FT report: Combating coronavirus

Three questions

Seth Berkley, head of Gavi, the global vaccine alliance, speaking just after World Immunisation Week and in the build up to fundraising at the Global Vaccine Summit in London next month.

What impact is coronavirus having on existing immunisation programmes?

There is already a slowdown. We recently estimated 13.5m people were missing out on vaccines in 14 countries. That’s an underestimate and it will be larger. We’re worried, particularly as this may go on for quite a long period. What we’re going to have to do is be prepared, like after Ebola in Africa, to go back and rapidly do catch-up campaigns to try to return population immunity.

How should the world support Covid-19 vaccine research?

We have to think about this as a global problem. There is an unprecedented rollout that will probably peak at 200 or more vaccines in development. We need to prioritise a smaller number because we can’t do advanced trials in so many. We don’t know yet which ones will work best. There is going to be the promotion of many different vaccines. The critical issue is to get the best ones.

How will poorer countries access a vaccine?

In developing countries, we need some type of global access agreement, which will be tough in this political environment. Plus we need to be prepared to manufacture “at risk”. If we can get a prioritised list of approaches, we can begin to ensure adequate production. Gavi already provides vaccines to 73 countries representing 50 per cent of the world’s population. If we’re asked, we might also be able to do procurement for non-Gavi middle income countries.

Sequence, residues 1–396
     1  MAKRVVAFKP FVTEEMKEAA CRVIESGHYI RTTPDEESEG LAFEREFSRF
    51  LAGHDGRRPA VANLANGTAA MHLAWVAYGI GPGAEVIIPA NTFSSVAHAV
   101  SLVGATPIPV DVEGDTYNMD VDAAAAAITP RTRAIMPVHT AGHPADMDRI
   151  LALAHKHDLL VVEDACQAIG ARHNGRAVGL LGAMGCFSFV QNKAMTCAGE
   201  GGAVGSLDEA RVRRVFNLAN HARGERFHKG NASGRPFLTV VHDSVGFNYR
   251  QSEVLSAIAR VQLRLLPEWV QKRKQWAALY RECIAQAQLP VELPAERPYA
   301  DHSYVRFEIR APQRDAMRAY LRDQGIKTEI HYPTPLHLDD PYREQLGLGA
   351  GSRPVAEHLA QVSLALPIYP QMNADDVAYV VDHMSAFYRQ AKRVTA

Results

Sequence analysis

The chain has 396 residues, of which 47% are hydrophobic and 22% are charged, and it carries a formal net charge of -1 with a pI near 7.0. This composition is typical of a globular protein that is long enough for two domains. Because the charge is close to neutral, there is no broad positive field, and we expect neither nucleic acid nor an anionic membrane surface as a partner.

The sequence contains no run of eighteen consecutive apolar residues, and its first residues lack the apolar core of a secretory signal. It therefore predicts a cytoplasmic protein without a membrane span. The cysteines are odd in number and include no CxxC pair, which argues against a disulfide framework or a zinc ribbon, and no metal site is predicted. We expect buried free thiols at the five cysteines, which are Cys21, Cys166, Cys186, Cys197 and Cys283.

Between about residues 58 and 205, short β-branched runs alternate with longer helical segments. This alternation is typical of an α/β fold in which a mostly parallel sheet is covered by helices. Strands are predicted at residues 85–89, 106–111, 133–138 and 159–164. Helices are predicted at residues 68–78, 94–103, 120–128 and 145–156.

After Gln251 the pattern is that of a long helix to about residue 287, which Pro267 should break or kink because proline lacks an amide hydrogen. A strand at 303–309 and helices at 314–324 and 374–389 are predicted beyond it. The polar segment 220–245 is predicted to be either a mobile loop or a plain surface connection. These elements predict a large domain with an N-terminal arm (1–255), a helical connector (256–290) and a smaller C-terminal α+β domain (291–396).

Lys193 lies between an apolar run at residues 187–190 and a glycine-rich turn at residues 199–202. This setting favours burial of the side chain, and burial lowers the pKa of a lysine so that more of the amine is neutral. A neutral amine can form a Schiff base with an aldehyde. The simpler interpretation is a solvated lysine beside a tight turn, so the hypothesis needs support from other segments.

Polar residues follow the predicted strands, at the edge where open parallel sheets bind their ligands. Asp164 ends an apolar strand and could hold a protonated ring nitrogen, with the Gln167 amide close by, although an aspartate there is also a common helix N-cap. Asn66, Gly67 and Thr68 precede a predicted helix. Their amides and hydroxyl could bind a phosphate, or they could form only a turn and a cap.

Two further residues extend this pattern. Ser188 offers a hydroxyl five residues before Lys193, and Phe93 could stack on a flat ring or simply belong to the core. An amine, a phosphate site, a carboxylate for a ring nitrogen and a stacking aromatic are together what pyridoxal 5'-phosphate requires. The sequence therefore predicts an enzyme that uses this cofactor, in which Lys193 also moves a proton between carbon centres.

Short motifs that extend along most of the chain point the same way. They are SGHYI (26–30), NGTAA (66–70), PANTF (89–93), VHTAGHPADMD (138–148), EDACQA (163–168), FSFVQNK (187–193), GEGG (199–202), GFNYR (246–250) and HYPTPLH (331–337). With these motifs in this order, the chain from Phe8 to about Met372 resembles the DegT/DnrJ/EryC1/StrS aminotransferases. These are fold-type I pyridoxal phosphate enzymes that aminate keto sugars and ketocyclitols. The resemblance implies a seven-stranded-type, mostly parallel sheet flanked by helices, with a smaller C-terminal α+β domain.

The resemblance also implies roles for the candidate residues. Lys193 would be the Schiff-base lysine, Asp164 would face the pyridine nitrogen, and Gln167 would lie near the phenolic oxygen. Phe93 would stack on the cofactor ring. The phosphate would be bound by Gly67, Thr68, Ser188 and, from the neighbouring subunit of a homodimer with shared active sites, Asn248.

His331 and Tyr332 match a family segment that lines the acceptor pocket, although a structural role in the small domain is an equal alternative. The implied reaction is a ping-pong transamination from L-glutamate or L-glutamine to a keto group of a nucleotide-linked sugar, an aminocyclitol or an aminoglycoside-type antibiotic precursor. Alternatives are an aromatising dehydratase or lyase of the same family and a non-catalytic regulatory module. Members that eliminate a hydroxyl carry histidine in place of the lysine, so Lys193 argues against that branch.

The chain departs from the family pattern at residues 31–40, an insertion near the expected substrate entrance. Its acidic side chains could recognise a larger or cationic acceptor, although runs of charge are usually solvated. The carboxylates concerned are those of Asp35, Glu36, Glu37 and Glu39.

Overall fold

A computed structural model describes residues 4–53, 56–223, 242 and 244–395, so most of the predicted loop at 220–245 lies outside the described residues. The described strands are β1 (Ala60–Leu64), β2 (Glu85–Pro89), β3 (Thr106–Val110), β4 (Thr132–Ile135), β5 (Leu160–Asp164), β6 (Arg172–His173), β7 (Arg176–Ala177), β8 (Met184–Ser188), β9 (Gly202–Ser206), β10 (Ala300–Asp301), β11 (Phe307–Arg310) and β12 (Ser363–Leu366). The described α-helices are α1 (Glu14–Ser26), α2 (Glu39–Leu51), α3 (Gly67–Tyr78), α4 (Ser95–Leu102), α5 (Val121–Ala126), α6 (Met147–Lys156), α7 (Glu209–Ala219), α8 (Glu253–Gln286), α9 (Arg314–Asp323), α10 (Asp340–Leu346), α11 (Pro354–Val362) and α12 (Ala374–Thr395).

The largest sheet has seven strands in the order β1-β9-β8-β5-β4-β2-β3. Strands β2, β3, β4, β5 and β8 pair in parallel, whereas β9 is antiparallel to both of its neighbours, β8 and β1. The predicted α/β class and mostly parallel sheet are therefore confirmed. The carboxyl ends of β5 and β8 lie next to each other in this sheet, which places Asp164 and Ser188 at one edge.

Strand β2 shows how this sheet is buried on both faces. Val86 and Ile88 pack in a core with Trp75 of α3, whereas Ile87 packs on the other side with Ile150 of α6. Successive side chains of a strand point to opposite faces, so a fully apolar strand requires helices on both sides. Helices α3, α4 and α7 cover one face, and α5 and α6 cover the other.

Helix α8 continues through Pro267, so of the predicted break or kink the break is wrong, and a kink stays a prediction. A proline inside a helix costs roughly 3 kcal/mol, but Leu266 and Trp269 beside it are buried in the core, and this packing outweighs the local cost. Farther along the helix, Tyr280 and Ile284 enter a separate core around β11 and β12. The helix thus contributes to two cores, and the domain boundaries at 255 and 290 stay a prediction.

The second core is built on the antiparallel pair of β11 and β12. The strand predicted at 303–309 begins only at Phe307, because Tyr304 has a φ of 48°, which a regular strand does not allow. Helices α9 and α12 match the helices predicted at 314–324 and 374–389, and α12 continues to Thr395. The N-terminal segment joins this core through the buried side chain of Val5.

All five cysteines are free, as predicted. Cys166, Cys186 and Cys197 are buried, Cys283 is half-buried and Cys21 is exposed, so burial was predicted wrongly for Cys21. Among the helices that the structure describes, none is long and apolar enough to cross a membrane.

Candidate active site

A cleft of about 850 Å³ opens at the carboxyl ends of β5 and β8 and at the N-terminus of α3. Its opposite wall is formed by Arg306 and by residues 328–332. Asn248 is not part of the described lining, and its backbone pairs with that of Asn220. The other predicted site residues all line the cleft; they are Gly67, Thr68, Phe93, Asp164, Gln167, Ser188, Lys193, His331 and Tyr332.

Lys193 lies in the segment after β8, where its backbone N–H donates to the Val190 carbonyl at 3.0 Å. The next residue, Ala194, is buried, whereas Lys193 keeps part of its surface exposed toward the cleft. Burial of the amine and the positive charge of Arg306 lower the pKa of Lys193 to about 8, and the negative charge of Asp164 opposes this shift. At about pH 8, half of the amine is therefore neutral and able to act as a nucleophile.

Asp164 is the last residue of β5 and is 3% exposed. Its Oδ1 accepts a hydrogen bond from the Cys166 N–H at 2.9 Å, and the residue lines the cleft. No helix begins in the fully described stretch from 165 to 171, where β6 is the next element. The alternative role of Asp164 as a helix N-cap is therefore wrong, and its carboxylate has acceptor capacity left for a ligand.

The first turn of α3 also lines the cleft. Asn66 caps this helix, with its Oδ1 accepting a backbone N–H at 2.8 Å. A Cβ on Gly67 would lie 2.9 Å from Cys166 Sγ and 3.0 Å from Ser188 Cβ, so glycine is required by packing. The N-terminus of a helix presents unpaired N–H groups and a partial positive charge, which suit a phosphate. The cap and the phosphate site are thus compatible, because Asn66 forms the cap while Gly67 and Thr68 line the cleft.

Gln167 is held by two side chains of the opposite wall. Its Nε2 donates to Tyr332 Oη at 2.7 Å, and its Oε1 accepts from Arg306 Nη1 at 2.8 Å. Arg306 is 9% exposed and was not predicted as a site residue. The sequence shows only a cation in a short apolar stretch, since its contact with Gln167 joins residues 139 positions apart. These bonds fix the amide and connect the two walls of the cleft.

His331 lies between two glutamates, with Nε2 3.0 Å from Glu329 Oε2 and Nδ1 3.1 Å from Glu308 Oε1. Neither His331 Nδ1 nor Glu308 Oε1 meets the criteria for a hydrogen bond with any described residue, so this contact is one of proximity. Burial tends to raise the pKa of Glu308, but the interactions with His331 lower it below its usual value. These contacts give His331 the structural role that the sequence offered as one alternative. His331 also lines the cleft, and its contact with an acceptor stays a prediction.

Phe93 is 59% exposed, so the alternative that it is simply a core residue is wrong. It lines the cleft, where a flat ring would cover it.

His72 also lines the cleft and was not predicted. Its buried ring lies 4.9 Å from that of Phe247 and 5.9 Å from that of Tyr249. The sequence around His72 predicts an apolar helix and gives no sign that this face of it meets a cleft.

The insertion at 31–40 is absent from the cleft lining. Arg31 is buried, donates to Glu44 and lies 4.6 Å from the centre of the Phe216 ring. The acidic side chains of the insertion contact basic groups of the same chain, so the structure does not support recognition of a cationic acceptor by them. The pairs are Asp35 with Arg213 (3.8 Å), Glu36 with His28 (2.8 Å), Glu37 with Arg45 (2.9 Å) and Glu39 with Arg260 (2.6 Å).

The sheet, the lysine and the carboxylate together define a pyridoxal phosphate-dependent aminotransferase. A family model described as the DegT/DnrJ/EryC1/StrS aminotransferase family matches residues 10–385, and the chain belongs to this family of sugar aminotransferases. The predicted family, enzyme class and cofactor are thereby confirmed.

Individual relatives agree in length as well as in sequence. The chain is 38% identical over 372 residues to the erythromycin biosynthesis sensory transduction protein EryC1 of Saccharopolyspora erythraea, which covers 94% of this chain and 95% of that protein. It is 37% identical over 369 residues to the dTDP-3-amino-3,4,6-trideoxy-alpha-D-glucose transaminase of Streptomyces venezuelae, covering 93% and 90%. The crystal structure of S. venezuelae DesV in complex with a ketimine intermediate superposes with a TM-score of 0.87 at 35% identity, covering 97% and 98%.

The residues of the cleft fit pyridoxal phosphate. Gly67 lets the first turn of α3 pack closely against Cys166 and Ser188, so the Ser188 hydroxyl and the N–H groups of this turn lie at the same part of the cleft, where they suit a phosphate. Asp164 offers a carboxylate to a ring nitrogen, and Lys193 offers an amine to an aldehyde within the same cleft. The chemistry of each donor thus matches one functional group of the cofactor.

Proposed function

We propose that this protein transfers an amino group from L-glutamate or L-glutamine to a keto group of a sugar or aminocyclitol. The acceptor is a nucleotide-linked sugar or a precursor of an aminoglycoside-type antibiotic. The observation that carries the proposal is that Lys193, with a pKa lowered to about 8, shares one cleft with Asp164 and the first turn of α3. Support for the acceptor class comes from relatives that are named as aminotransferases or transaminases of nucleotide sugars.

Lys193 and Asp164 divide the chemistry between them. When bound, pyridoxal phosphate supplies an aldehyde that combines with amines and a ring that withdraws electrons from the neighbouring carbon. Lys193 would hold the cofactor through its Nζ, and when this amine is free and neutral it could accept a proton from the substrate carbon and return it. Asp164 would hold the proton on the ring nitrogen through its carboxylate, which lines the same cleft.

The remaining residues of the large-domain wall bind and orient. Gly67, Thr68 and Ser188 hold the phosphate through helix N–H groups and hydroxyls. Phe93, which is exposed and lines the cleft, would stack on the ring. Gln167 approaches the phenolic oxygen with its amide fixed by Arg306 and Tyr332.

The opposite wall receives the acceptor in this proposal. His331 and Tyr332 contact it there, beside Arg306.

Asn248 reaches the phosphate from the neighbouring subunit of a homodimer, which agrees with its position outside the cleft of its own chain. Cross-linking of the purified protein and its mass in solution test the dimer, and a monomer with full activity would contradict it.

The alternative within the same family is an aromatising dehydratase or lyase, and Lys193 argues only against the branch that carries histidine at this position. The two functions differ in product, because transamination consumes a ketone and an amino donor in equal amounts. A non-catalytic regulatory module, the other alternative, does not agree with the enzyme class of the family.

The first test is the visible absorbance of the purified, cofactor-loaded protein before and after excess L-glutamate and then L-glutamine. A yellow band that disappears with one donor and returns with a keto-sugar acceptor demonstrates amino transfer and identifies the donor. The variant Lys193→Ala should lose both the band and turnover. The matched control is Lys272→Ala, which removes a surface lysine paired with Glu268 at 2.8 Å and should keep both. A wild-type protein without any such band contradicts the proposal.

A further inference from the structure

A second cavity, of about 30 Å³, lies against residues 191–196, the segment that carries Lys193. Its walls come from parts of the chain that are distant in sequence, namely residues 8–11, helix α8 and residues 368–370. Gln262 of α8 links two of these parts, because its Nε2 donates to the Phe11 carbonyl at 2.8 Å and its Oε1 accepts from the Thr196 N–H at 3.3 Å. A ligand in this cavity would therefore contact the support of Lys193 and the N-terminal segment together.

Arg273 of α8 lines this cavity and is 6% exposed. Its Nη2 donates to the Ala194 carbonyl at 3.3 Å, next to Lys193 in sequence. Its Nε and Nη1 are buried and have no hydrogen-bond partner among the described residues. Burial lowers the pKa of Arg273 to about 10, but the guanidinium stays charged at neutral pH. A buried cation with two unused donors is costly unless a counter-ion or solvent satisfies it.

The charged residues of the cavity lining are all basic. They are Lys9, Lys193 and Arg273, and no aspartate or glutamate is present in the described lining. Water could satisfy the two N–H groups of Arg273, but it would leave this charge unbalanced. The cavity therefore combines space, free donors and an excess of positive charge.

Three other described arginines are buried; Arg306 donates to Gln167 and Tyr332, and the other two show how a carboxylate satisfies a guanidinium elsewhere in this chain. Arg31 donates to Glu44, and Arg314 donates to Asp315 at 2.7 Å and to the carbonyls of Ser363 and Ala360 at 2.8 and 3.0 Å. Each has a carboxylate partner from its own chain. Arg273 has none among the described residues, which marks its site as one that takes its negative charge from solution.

News round-up

Trumping the WHO There was a robust international response to US President Donald Trump’s decision to stop funding the World Health Organization. Countries such as Venezuela will be particularly badly hit. Some critics argue that — unlike during the global financial crisis — there is no leader or global plan to fight the coronavirus pandemic effectively.

Here’s a good backgrounder on US relations with the WHO. The US provided $893m of the WHO's $5.62bn budget for 2018-19 — nearly one in every six dollars. (Guardian, AP, Kaiser, FT graphic)

Treemap and two bar charts showing a breakdown of the WHO funding and how the US accounts for a fifth